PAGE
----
24 May 2008

Made in Japan

On a tip from Tany, I purchased a Japanese pattern book, Retrospective is Stylish by Yoshiko Tsukiori. I purchased it from the eBay seller, pomadour24 (and I was very happy with this seller BTW).

There are 21 retro inspired projects in this book, created through tweaks of a few simple patterns. The outfits include skirts, dresses, vests, jackets and blouses. Each garment is found on a full scaled pattern sheet included with the book.

The patterns come in four sizes, with bust, waist and hip measurements listed in brackets: S (79 cm, 59 cm, 86 cm), M (83cm, 64cm, 90cm), L (88cm, 68cm, 94cm), XL (93cm, 74cm, 98cm). All patterns are drafted for a person that is 160 cm tall. To say that I am pleased with these measurements is an understatement - I am a M bust and waist and a L/XL hip and the height is perfect. It's not often that I find patterns drafted for a smaller person. Many pattern companies seem to forget that there are women of smaller stature out there - New Look, Silhouette, and Marfy are just a few of the companies that routinely start their sizing at a point that is too large for me. This is one of the reasons I use so many vintage patterns - the sizing is more up my alley. I guess women came in smaller sizes back in the day!

The only problem is that everything is in Japanese and unlike Spanish or French, it will be impossible to use the internet for translations (my keyboard doesn't have Japanese symbols on it). Thankfully, the patterns are all fairly simple, so I should be able to muddle my way through. If worse comes to worse, I can always ask at school to see if any of my kids can read Japanese (another one of the joys of being at a school with many cultures).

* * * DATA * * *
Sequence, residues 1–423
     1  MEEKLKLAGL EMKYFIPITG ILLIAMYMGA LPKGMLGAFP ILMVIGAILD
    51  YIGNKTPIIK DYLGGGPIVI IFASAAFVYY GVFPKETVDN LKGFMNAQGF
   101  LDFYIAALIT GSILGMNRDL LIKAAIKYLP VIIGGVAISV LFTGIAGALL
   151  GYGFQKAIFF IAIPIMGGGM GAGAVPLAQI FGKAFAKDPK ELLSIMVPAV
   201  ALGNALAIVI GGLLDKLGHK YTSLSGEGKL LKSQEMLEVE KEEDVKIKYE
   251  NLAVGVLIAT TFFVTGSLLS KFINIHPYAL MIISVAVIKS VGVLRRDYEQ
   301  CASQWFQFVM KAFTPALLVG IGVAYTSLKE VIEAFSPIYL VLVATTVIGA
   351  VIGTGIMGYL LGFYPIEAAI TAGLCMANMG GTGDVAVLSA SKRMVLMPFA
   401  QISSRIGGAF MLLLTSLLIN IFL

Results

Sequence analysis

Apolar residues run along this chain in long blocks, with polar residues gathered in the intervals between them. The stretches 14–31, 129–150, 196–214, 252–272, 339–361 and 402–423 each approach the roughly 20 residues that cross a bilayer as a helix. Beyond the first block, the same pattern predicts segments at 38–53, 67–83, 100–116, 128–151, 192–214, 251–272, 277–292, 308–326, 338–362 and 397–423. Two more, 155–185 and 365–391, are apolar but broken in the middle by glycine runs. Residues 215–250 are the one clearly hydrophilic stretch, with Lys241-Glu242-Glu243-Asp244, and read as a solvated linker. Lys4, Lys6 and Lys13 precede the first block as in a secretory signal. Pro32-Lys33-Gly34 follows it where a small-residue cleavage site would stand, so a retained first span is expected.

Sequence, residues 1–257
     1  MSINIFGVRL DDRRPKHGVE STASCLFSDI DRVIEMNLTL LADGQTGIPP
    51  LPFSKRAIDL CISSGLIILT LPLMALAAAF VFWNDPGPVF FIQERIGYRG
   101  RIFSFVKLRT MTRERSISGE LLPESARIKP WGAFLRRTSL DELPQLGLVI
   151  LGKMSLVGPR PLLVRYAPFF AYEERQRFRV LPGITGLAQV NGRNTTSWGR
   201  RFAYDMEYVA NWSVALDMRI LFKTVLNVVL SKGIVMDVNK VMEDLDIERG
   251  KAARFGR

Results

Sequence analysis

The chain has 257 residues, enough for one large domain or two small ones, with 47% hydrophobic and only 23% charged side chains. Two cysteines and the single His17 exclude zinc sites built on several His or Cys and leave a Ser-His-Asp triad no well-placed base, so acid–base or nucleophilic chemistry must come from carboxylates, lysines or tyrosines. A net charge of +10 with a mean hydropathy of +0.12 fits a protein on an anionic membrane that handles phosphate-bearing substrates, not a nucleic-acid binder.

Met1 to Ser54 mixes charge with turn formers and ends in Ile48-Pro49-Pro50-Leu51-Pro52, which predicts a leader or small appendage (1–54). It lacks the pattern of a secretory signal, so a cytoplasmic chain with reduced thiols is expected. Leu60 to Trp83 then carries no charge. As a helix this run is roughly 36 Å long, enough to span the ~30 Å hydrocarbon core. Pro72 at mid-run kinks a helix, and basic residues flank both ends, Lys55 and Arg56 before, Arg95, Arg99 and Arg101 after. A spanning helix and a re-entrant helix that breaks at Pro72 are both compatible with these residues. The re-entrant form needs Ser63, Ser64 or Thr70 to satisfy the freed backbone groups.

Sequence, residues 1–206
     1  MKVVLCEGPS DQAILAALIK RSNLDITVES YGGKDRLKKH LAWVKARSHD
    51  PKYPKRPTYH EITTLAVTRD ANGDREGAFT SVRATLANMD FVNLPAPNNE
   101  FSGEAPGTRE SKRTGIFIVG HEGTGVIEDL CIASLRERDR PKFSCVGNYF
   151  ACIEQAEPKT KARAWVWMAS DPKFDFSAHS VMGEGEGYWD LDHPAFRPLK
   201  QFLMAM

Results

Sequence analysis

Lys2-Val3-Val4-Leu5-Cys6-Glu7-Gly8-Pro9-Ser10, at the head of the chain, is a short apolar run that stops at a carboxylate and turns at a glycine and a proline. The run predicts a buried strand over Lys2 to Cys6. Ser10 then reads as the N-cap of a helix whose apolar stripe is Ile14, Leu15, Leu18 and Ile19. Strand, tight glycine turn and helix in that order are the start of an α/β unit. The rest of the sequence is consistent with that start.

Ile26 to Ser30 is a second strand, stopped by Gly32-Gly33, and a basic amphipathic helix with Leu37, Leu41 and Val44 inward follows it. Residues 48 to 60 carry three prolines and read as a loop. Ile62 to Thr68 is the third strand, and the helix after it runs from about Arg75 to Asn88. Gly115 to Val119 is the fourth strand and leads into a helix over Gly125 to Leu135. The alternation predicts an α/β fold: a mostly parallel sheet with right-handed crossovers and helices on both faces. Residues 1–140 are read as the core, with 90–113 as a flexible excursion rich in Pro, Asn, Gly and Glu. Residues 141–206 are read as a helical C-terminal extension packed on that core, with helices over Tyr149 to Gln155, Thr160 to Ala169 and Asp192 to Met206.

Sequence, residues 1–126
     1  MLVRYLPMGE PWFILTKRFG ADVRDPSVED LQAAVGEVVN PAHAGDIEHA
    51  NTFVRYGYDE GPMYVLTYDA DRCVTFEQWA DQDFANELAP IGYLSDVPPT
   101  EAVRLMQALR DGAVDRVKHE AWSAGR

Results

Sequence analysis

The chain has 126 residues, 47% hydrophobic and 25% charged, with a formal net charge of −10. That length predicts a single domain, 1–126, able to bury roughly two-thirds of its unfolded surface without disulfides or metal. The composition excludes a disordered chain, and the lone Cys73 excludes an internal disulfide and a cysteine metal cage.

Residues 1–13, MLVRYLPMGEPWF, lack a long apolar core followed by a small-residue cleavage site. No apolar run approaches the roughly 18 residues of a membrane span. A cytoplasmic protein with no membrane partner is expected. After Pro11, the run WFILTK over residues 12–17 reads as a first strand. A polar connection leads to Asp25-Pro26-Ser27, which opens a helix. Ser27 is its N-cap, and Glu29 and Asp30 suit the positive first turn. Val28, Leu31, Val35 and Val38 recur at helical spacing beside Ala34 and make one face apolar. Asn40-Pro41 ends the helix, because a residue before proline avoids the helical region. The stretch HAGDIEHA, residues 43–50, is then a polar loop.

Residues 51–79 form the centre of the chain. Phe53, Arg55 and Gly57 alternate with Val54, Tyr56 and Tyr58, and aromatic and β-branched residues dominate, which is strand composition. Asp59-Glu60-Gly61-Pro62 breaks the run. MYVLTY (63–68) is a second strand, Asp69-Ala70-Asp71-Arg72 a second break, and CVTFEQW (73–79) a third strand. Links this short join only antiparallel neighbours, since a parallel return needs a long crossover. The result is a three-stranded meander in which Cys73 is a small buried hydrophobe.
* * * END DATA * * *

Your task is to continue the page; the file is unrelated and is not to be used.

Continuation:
I am really looking forward to using this book and if all goes well, I may pick up a few more Japanese pattern books - there are some other really cool looking ones out there!

ETA: I just found this page, full of pictures of the projects in this book.


angie.a said...

Ooh, that looks like a great book! I keep collecting these, but have only used them as inspiration as I am not of small stature! But, they were lovely, lovely eye candy.

Have you ever used yesasia.com? If you have the ISBN, it's pretty easy to navigate & find what you're looking for (& generally cheaper too.) It takes about 2 weeks to ship, but I generally save about $5-10 US per book vs. the ebay seller, so its worth it.

Also, check out this site:

These girls actually make a ton of stuff from the Japanese fashion books & the blog is easy to find projects & ISBNs. It's in French, but I use the google tranlator to translate the page if I need to.

angie.a said...

oh, and my student Japanese craft book translator graduated yesterday! sniff. :)

cidell said...

I notice too that BWOF seems to like to start at a 38 (which is fine by me since it's my size). But, I have petite friends who sew who have to grade down. A lot.

I have to stay away from the Japanese craft sites. I'm already a MSB buyer and have yet to make a thing.

But, their retro inspired stuff is so pretty! I'm going to have fun watching you.

Anonymous said...

Shannon, the gals over at the "Zakka Life" and "Lunch in a Box" blogs both read Japanese and may be willing to help. Biggie at Lunch in a Box is, in fact, a translator in real life.



Carolyn (Diary of a Sewing Fanatic) said...